Céline Gounder: That spring, she started a petition demanding IHS provide emergency contraception in all its facilities. The petition grew to over 100,000 signatures.
Sunny started working with the Native American Women’s Health Education Resource Center too. She became the public face of the campaign.
Sunny Clifford: Social media, newspaper, magazine interviews, phone interviews, yeah.
Céline Gounder: Together, they successfully pressured IHS to make sure all its clinics were providing emergency contraception.
Sunny Clifford: So today, any young woman can go to their local IHS pharmacy, walk up there to the window, say ‘I need a Plan B’ and they’re supposed to hand a pill over with no questions asked and that’s it.
[Bright electronic ping sound]
Céline Gounder: This spring, Sunny got a news alert on her phone.
Sunny Clifford: I saw that they were talking about overturning Roe v. Wade and it sparked that feeling again. The feeling like I need to fight. And I messaged my twin and I said, ‘Are you ready to fight again?’ And she said, ‘I’ve been waiting.’
Céline Gounder: When we come back, we’ll hear about how some abortion rights supporters think reservations may be crucial for abortion access in the future.
That’s after the break.
[Light, bouncing instrumental music plays briefly, then stops]
[Minor instrumental music begins playing in the background]
Céline Gounder: Roe v. Wade created a constitutional right to abortion in 1973, but that right essentially stops at the door of an Indian Health Service clinic.
Sarah Deer: When I’m often talking to Native women about abortion and Roe v. Wade, uh, the response is often, well, Roe v. Wade doesn’t apply to me because I get my health care through Indian Health Service.
Céline Gounder: That’s Sarah Deer again, the lawyer and gender studies professor.
Sarah Deer: The reality is that Native women have … really haven’t had access to abortion due to the Hyde Amendment.
Céline Gounder: The Hyde Amendment is a rider attached to federal appropriations bills. It’s been included in every one since 1976. It prevents federal dollars from paying for abortion services.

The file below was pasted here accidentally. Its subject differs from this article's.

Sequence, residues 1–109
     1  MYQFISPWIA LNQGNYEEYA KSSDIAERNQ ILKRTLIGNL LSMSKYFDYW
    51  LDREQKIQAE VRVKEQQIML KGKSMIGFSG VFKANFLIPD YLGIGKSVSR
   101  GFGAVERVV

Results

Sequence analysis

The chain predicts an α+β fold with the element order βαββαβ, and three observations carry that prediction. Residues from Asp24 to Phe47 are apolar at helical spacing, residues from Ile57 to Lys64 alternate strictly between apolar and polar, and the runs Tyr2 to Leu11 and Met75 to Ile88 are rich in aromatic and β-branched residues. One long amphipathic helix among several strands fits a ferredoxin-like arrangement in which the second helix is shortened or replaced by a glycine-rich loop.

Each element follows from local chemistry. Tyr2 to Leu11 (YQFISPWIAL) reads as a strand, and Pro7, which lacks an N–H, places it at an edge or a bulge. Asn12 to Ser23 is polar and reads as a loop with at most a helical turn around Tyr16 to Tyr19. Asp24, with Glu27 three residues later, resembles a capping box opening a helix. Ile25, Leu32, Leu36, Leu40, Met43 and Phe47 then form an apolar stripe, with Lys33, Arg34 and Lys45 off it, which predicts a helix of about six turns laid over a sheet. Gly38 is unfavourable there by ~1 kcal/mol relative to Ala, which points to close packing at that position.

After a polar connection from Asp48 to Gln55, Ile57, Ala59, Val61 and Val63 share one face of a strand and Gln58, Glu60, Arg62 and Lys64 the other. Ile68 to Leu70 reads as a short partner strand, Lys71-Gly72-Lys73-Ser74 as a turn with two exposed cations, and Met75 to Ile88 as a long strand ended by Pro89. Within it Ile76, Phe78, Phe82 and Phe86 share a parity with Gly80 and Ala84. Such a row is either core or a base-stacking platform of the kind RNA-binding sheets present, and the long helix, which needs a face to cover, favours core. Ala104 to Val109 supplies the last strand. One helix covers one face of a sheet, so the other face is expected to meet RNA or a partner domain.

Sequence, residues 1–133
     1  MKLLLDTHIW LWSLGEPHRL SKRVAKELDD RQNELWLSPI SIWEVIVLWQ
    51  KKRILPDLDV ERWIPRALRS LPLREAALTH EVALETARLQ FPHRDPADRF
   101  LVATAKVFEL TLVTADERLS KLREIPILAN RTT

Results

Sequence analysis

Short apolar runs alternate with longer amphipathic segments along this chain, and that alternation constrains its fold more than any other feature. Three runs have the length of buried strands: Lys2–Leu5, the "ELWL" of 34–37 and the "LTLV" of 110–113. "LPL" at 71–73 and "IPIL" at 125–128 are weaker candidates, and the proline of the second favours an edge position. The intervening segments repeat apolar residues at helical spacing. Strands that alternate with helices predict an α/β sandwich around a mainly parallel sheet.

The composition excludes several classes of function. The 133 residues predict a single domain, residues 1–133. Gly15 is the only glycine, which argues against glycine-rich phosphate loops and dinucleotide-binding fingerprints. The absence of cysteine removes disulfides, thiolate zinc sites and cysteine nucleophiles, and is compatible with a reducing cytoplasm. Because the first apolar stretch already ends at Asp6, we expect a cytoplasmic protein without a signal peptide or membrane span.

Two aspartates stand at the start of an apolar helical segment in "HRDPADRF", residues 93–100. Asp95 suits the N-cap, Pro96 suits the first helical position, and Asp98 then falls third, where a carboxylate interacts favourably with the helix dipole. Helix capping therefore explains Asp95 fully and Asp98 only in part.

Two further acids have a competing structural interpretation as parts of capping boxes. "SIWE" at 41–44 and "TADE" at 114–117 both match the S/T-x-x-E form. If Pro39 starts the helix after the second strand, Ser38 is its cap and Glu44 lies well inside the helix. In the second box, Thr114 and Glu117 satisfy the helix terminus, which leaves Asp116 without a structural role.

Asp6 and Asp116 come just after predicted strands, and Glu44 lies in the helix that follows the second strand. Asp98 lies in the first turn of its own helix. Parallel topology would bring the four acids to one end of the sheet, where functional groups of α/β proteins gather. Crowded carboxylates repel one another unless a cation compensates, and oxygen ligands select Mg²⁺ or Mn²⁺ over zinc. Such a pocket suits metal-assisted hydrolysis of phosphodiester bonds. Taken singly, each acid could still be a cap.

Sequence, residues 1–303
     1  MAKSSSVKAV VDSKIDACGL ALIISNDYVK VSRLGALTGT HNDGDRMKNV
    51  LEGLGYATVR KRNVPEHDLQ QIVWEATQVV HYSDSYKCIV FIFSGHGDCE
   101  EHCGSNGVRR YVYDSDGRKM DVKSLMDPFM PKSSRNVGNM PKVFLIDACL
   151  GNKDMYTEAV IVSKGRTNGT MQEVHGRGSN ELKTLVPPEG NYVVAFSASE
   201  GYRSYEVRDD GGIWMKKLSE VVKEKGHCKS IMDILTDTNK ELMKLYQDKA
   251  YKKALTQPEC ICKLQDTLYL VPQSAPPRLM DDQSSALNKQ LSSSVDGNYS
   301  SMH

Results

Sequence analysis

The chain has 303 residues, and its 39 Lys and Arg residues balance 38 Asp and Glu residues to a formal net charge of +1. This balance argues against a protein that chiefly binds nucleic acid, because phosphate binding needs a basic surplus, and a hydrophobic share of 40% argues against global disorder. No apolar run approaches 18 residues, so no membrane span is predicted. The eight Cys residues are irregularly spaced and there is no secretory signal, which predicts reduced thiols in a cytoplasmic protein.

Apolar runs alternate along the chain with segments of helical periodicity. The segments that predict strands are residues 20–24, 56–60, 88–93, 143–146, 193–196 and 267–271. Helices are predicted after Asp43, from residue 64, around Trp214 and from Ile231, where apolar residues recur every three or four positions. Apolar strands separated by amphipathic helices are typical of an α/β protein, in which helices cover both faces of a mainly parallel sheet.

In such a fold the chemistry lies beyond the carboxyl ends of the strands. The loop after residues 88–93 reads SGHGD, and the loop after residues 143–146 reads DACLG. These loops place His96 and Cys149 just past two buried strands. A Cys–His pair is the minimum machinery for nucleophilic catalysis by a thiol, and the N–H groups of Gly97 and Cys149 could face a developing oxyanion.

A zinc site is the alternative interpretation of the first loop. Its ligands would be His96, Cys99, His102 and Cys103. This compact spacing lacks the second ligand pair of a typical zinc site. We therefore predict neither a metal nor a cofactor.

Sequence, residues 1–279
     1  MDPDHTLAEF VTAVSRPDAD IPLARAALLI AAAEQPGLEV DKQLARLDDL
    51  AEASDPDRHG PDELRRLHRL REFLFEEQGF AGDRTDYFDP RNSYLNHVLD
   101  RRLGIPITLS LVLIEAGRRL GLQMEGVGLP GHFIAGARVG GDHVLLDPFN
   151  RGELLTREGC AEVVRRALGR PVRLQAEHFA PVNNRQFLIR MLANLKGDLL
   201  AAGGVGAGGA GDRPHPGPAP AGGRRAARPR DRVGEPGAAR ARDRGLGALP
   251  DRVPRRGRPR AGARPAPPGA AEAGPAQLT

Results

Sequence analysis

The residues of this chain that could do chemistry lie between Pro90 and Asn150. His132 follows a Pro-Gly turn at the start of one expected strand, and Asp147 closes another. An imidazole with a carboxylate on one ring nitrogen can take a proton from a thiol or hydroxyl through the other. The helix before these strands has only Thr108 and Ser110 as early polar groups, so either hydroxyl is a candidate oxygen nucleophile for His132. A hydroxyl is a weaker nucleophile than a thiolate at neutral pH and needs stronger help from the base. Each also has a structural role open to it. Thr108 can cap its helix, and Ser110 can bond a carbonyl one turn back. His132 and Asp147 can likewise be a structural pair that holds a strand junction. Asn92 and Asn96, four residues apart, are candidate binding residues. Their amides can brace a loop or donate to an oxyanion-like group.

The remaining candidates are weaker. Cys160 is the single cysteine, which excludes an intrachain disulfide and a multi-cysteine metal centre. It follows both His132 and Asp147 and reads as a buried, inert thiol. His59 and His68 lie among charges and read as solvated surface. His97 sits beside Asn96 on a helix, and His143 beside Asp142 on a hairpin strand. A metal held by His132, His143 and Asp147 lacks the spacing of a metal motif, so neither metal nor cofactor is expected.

Sarah Deer: So the Hyde Amendment is named after Henry Hyde.
Céline Gounder: Hyde was a U.S. representative from Illinois. Here he is defending his amendment on the House floor.
Rep. Henry Hyde: Providing a constitutional right to an abortion does not mean society has to subsidize the exercise of that constitutional right.
Sarah Deer: He was determined after Roe v. Wade to make sure that taxpayer dollars did not go to fund abortions
Rep. Henry Hyde: We are going to subsidize the slaughter of the innocents and make people to whom abortion is morally repugnant, millions of people, be complicit in that terrible action.
Sarah Deer: So that meant Medicaid, um, other federal funding sources, and includes the Indian Health Service, which is a federal agency and uses federal dollars.
Rep. Henry Hyde: My amendment simply provides that no funds may be used to pay for abortions except where three conditions exist: life of the mother would be endangered or the pregnancy was caused by rape or incest.
Céline Gounder: Sarah says that even when these terms are met, IHS rarely provides abortion care. Between 1981 and 2001 IHS only performed 25 abortions. That’s according to a study in 2002 from the Native American Women’s Health Education Resource Center. IHS serves more than 2.5 million people. That same report found that 85% of IHS facilities either didn’t have abortion services available or didn’t refer a woman for abortion care, even when she met the Hyde Amendment’s criteria.